We reluctantly conclude that this language is dispositive of the interpretation of the clause before us. First, the clause contains the terms, "save harmless and indemnify," which, as Justice Brennan indicated, do help show an intent to encompass indemnification for the indemnitee's negligence. Second, the clause obligates the contractor to indemnify the government for "all claims, . . . resulting from . . . any personal injury . . . growing out of . . . any work performed under or related to this contract . . . ," which on its face covers the plaintiff's claim here. There are no express exceptions to the broad language. And further, such liability for indemnity exists "regardless of whether such claims . . . may be attributable to the fault, failure, or negligence of the contractor." Apart from an explicit requirement of indemnification for the indemnitee's negligence, it is hard to imagine any language stronger for the indemnitee than that contained in the instant clause. Were we writing on a clean slate, we would find attractive the view that only such an explicit reference could support indemnification for the indemnitee's negligence, particularly because of the usual disparity in bargaining power between the government and its contractors, and the government's role as draftsman of the contract. But Seckinger, as already indicated, makes clear that such explicit reference is not required. Thus, we feel compelled to hold that the intention of the parties to require Kearney to indemnify the government for the negligence of the Postal Service "appear[s] with clarity from the face of the contract," under the applicable federal common law.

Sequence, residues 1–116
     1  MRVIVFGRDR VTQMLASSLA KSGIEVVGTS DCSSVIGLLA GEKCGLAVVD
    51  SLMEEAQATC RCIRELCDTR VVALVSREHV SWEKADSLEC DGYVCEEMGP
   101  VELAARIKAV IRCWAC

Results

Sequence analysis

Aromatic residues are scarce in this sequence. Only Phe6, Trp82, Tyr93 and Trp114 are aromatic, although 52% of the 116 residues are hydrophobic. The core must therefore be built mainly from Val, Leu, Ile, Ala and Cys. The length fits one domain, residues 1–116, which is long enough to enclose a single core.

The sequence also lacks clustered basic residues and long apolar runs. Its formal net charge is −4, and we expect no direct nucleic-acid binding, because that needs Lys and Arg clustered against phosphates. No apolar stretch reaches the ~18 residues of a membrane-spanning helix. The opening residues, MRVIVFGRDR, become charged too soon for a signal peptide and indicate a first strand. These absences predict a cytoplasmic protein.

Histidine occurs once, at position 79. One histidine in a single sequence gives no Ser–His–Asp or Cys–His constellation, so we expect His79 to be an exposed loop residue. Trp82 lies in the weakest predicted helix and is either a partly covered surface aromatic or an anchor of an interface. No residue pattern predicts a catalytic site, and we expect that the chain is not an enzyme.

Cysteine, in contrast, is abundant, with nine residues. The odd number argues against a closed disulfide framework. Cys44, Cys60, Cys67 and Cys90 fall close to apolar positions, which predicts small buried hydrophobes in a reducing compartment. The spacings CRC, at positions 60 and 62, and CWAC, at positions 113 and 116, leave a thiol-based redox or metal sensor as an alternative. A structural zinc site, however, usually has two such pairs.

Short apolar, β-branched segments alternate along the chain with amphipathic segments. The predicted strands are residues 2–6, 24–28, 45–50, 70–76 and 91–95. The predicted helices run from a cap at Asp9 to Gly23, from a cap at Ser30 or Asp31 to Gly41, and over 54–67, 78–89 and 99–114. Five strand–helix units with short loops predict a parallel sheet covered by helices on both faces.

The construction of the vent line was in direct response to complaints regarding working conditions in the steam reducing station by plaintiff and other nongovernment workers, who were performing the work that was the subject of the contract between Kearney and the Postal Service. The vent line was constructed in the work area contemporaneously with the contract work, and would not have been constructed but for that contract work. It would therefore be unreasonable to say that the vent line construction (and resulting explosion) was not "related to this contract." Thus the indemnity clause is applicable to this personal injury claim liability.